Alien: Resurrection – Film Review

I’ve always had a soft spot for this black sheep of the Alien franchise, probably because I can never hate a movie that’s so utterly bizarre. Since I’ve re-watched Alien 3 recently I thought I might go back and bask again in its weird, awkward, misshapen glory.

The story takes place 200 years after Ellen Ripley plunged to her fiery end in Alien 3. Death itself is no barrier when military interests are involved, and so Ripley is cloned from a sample of blood taken while she was carrying the alien queen inside her. After extracting the embryo, the scientists decide to keep her alive as a curious byproduct. Ripley, who now shares DNA with her sworn enemy, is not quite the same Ripley; she possesses the superhuman reflexes and strength, acidic blood and a psychic link with the xenomorphs. She’s also rather animalistic and detached, and calmly informs her jailers that once the queen breeds, they’ll die. They of course ignore her and go on to employ the services of a group of space mercenaries, who supply the kidnapped human hosts for the alien breeding program. When the xenomorphs break out and all hell breaks loose, the mercenaries are trapped on the station and must team up with Ripley to survive.

By far, the biggest issue with Alien: Resurrection is the mismatch of writer and director. Joss Whedon wrote the quip-laden script that in some ways feels like a test run for his Firefly TV series, while the directing fell to Jean-Pierre Jeunet of Amelie and Delicatessen, whose distinctively European visual style veers towards playful and grotesque. Neither is a natural fit for the Alien universe, and together they make about as much sense as serving broccoli with chocolate sauce. Or putting lemon meringue on top of fillet mignon. As far as writer/director combos go, Aaron Sorkin and David Fincher they’re not.

On the other hand, there’s something admirable about the franchise’s willingness to take risks and try something completely new; I find it helps to regard this movie as its own thing loosely connected to the previous three films. From its gloopy opening credit sequence, Alien: Resurrection is a visually arresting, gory feast of weirdness laced with twisted humour and eccentric touches. Jeunet also populates the movie with a bunch of oddball actors like Ron Perlman, Dan Hedaya and Brad Dourif, who all add to the macabre carnival vibe. Even the film’s bad decisions, like horribly miscast Winona Ryder as Call, a member of the mercenary crew who has a secret agenda of her own, or the ridiculous xenomorph hybrid at the end, are strangely fascinating to watch.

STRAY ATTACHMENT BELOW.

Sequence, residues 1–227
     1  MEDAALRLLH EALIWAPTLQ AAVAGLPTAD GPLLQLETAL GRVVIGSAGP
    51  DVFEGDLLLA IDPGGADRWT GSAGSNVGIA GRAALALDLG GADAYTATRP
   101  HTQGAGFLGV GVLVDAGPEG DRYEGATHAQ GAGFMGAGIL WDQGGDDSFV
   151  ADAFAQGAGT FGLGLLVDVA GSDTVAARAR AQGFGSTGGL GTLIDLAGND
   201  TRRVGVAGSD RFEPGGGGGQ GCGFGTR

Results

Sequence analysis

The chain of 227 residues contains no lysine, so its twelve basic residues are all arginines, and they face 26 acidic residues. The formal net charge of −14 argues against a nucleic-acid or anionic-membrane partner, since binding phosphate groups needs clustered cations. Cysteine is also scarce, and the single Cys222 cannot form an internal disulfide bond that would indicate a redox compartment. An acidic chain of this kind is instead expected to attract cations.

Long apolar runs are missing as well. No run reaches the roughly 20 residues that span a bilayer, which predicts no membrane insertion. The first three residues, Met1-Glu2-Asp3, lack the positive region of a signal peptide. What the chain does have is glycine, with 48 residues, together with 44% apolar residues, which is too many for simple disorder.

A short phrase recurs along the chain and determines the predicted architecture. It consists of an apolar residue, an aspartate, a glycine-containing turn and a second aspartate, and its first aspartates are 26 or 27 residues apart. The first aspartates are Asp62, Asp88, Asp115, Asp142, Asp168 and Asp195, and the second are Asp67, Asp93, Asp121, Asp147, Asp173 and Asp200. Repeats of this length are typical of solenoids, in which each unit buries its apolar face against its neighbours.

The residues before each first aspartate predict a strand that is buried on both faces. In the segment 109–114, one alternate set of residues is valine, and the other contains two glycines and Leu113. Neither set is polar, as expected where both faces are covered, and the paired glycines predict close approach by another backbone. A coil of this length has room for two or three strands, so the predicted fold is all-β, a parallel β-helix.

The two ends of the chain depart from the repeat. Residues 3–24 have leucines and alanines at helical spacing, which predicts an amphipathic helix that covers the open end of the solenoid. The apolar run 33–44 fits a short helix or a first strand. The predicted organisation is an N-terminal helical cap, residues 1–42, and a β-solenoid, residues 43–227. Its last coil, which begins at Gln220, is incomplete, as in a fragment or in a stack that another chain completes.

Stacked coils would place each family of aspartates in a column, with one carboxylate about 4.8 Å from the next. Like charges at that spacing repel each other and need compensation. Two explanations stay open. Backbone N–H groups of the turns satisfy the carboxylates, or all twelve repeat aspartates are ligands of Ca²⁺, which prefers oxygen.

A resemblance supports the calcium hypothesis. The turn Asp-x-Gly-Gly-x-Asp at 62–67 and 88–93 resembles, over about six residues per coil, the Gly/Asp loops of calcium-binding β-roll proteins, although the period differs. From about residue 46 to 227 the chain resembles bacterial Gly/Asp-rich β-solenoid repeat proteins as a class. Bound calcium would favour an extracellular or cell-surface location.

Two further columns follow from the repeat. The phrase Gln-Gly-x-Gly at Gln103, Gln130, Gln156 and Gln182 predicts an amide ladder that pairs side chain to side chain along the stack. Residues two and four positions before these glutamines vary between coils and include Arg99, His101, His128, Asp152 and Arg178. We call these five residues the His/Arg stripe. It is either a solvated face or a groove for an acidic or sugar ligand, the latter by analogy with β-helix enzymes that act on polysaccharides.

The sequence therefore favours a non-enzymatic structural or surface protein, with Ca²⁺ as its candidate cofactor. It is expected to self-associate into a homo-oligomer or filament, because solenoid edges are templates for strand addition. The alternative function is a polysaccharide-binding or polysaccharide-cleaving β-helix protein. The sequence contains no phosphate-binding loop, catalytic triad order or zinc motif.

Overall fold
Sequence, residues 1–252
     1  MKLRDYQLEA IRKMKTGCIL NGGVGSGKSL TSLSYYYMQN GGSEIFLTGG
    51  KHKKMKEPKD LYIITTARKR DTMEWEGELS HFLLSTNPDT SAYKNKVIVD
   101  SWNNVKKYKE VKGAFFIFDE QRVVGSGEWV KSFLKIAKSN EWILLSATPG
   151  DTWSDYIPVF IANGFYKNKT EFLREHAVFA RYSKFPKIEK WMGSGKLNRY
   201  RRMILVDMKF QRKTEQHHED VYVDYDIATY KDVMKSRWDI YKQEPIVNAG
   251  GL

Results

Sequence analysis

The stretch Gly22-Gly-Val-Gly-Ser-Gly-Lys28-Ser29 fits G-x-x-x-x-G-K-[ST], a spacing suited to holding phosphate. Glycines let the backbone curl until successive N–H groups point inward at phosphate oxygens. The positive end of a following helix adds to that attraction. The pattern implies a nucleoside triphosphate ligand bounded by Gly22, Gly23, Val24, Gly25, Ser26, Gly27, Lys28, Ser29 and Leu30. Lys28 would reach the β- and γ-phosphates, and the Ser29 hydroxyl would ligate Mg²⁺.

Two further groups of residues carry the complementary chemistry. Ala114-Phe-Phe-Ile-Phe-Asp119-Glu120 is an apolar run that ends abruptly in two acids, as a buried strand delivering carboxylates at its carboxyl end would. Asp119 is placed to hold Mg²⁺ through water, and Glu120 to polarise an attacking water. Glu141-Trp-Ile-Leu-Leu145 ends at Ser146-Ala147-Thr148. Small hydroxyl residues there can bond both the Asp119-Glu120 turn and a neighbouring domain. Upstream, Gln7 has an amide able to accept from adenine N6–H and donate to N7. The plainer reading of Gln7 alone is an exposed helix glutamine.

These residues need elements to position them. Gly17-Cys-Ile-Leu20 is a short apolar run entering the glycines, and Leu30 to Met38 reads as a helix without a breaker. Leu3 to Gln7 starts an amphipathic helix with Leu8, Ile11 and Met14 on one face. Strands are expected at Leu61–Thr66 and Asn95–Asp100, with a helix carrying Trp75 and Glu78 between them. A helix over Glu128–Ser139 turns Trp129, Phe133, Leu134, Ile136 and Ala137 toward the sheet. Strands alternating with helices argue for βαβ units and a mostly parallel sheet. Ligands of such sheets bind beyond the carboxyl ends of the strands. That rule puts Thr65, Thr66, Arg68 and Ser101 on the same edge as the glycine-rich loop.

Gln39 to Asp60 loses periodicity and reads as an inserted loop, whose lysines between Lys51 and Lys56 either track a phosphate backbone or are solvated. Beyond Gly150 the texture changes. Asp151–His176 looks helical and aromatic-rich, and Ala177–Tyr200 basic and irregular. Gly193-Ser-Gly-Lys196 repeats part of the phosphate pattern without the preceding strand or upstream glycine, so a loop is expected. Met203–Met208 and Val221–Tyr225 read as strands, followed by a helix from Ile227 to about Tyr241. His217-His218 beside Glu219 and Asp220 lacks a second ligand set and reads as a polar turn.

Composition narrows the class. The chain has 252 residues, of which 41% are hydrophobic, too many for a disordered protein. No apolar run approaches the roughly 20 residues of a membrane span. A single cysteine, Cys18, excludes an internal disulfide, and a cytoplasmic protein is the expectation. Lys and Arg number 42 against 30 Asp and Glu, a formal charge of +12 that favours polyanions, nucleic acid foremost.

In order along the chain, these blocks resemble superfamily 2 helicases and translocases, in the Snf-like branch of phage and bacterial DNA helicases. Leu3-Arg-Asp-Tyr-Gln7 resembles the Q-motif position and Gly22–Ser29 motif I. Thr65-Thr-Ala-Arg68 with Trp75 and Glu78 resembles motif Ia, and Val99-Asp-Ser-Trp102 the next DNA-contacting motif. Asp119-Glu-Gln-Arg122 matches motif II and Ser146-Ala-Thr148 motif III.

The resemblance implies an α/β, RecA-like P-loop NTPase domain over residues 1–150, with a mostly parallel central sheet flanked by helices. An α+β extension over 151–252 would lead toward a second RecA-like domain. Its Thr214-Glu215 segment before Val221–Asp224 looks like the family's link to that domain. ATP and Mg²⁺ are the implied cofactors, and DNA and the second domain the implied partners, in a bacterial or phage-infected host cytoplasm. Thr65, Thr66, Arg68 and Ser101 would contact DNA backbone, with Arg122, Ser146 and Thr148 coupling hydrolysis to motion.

Other than the visuals, the film’s highlights include a suspenseful underwater sequence (out of a frying pan and into the nest of xenomorph eggs!), and Sigourney Weaver’s performance as Ripley. Having previously agreed to reprise the role in Alien 3 on a condition that Ripley dies in the end, Weaver seems to relish the chance to play a very different take on her iconic character, less grounded and more comic-book superhero and looking like a fabulous statuesque Amazon in her brown leather get-up. She’s saddled with a few cringey lines, but the scene in which Ripley discovers the lab with the hideous remains of the previous attempts to clone her is genuinely powerful and affecting. And though I could never get the question what the hell is Winona Ryder doing in this movie out of my head, Ripley’s relationship with Call brings out her softer side very much like Jonesy and Newt.

I can never decide if Alien: Resurrection is misunderstood or just an entertaining bad movie, but I’m very fond of it nonetheless.

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